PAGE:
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Dec 5, 2011 02:20 PM

Christmas Tins - What Shall I Put in Them?

I am planning on making edible Christmas presents this year. My list of people is pretty long & my budget is pretty short. I was thinking of doing a variety of sweet & savory, smooth & crunchy for each tin. That way I think I will have all taste categories covered. Will you help me fill the tins with some goodie recipes that you make? Yes, I know there are tons of recipes out there, but so many of them are flops & I just don't have time or money to waste on finding the real deal. I will treasure every one of your tried & trues. Oh yes, please specificy if the recipe can me made ahead of time. Getting a jump on this project will certainly help.

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  1. Union Square Cafe's nuts are both sweet and savory, with a little spicy too. And the roasted rosemary needles are to die for. I wouldn't freeze them, but they can be made ahead of time. I can't imagine anyone wouldn't be happy to nibble on them with cocktails Christmas Eve.

    4 Replies
    1. re: katecm

      katecm, are those recipes listed in a cookbook or on the net, sorry I do not know about "Union Square"?

        1. re: cstout

          I just did a search: union square cafe nuts recipe
          found several. Here's one link:

          1. re: wyogal

            My my, wyogal, those cafe nuts are going into my tin.

      1. I usually put in a rolled out white cookie, or fudge. I follow a recipe in an old church cookbook for the cookie (adding almond flavoring, maybe some cardamom), and the fudge is just sweetened condensed milk with chocolate chips, melted. Another good and easy thing is chocolate dipped pretzels with some holiday sprinkles. I also love ritz crackers, spread with peanut butter, sandwich together, dipped in melted chocolate. One of those decadent things one finds at pot luck holiday parties.
        As for salty/savory, some kind of cocktail nut would be good. I haven't made those, so can't be much help there. I'd probably do a search: spicy cocktail nuts recipe.

        1 Reply
        1. re: wyogal

          Just love your ideas wyogal, easy, tasty & variety, you can hardly go wrong! Thanks.

        2. Just remember that if you put crisp cookies in the same tin as anything softer - fudge, chewy cookies, etc. - the crispness will vanish. Pack them either in separate containers or wrap them airtight before adding them to your tin.

          1 Reply
          1. re: greygarious

            greygarious, you are so right on, I would have never thought of that. Just goes to show you how many tins I have assembled before. Bless you for preventing a "flop" in my treasure chest of goodies.

          2. 3 years ago I posted about a lost recipe that I later located and included: This is for a fruitcake that uses fruit sauce, jam, and dried fruit (your choice - can be a combo or you could go, say, all cherry or all apricot). I have yet to make it again so I can't be of help as regards changes in baking time or temp when making it as mini-loaves for gifts but you could use as a guideline any other large, dense fruitcake in big bundt pan recipe with mini-loaf option. It would also be good made as mini-muffins or muffin tops. I think regular sized muffins would be a little too large since this is a rich, heavy cake.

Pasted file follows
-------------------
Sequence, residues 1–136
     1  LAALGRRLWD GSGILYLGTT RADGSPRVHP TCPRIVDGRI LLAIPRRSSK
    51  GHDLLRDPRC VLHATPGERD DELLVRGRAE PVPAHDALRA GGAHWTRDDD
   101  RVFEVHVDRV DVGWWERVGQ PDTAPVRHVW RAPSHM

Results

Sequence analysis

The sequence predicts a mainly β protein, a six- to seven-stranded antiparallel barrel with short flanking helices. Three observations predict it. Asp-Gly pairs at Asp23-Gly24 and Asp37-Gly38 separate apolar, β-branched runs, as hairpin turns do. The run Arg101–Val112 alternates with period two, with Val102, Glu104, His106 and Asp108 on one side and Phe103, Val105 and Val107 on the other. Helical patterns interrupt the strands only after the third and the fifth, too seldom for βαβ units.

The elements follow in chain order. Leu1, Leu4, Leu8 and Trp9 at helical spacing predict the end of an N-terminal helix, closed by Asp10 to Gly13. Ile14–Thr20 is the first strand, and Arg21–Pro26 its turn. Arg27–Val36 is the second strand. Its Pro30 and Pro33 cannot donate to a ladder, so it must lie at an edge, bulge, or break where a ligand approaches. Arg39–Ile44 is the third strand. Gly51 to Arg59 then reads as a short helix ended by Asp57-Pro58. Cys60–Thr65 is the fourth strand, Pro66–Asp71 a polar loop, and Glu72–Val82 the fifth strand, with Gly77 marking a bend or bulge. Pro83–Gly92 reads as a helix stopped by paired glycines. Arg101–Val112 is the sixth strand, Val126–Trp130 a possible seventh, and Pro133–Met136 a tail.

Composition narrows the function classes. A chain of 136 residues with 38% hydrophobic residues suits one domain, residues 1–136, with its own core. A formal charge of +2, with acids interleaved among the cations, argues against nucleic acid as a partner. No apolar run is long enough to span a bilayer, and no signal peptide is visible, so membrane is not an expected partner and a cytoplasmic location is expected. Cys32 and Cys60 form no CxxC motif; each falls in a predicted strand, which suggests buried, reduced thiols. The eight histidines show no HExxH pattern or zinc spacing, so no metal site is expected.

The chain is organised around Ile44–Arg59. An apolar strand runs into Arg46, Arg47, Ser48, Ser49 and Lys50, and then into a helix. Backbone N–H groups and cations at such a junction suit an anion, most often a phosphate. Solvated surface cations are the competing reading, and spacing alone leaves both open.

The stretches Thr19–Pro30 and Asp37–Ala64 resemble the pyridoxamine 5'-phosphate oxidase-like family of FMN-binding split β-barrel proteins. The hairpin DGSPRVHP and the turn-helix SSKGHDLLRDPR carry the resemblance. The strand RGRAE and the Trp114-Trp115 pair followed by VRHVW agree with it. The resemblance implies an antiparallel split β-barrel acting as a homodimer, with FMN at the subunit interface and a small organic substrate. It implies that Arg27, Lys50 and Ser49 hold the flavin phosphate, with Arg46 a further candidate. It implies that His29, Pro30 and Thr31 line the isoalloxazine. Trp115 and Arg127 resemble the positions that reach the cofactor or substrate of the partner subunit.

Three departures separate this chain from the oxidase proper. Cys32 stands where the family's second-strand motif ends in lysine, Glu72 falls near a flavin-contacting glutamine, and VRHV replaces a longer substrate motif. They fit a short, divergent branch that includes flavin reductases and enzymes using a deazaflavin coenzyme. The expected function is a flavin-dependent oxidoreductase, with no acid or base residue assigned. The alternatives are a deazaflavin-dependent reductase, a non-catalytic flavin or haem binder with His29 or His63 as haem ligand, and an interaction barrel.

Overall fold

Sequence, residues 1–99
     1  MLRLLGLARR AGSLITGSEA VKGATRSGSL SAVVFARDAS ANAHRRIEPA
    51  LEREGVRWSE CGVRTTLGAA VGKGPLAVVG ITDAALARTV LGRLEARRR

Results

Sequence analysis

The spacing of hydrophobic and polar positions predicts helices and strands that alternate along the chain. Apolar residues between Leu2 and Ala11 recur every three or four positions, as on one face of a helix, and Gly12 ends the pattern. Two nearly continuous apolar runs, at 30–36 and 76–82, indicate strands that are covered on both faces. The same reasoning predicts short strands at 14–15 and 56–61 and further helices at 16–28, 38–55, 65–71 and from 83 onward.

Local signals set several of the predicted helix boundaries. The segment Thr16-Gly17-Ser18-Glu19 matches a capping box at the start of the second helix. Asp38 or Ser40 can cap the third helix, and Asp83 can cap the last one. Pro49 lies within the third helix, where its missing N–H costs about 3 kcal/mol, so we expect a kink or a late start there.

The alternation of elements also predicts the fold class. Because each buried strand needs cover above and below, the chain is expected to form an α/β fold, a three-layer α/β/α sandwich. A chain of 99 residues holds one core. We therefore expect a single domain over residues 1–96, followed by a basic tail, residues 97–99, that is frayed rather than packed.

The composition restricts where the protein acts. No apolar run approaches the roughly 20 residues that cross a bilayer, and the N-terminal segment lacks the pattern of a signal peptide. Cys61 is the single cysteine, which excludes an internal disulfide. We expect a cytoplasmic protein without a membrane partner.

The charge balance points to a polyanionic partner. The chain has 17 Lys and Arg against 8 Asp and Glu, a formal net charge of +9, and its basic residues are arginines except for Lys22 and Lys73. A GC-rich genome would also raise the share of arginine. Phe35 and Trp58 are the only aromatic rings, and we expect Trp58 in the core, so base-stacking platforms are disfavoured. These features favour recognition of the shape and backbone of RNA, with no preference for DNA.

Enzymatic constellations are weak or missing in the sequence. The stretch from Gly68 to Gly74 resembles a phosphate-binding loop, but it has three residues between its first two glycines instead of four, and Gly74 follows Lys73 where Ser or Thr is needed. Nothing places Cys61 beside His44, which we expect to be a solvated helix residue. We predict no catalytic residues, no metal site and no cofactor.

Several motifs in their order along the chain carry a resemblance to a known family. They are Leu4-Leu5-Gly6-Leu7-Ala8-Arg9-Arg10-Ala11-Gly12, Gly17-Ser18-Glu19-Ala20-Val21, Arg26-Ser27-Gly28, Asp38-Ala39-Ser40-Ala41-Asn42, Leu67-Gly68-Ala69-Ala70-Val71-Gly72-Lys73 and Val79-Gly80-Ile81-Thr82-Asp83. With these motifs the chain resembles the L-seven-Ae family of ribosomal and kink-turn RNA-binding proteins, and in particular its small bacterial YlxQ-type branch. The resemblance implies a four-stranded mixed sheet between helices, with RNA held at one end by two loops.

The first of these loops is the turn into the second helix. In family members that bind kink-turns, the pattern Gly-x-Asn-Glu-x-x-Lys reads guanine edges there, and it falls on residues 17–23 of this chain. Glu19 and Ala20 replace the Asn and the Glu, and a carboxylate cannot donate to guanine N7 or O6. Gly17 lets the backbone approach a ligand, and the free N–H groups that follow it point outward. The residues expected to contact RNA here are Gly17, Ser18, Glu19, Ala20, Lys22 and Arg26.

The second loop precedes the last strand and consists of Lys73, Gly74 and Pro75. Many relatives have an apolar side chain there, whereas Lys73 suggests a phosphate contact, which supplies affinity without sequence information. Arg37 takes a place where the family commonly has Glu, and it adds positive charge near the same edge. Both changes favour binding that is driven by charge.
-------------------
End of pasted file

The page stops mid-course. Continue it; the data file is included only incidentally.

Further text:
I would also suggest making up small cellophane bags of really premium dried fruit like the Blenheim apricots from BTW they have a discount shipping deal this week.

            2 Replies
            1. re: greygarious

              greygarious, that is one of my next posts...trying to find a really good fruitcake recipe that I could make into mini loaves for gifts or perhaps just some really yummy gooy rich squares of fruity goodies wrapped up in plastic wrap to put in my gift tins. I have yet to find that special recipe. So many people cringe at the thought of a fruitcake that you won't get them to touch a bite, but I do know that a wonderful recipe exists out there that has all the spicyness of Christmas with a great mixture of dried fruits & lumpy nuts. I will go to your old post & perhaps someone can contribute another one or two recipes to get us interested in "fruitcake" again.

              1. re: cstout

                I always give fruitcake, but I make it early and let it sit in the fridge, well "likkered up" for weeks before I give it out.
                Another idea if you want to do mini cakes that are ready to go earlier, make a poundcake with ground almonds or hazelnuts, brush with amaretto when cool. I will sometimes brush it with a glaze made from melted apple jelly (NOT mint) with the booze added and stirred in right before glazing the cakes.

            2. This year, I'm thinking about candy for my edible gifts--maybe salted caramels, toffee or cashew brittle, and probably chocolate truffles--however, cookies are probably a more economical choice. I highly recommend biscotti, which keep and transport well. A couple of my favorites are cranberry pistachio biscotti from The Gourmet Cookbook (yellow book) and Cornmeal-almond biscotti in Richard Sax's Classic Home Desserts (he credits Judy Rodgers of Zuni Cafe with the recipe). Biscotti are also easy to make in large quantities.

              1 Reply
              1. re: lisaonthecape

                lisaonthecape, those salted caramels sound wonderful,,,,maybe I shall go with just a candy tin instead of a mixture of other things. There is plenty of room for sweet/savory & crunchy & smooth in the candy department. Oh dear, here I on a candy tangent.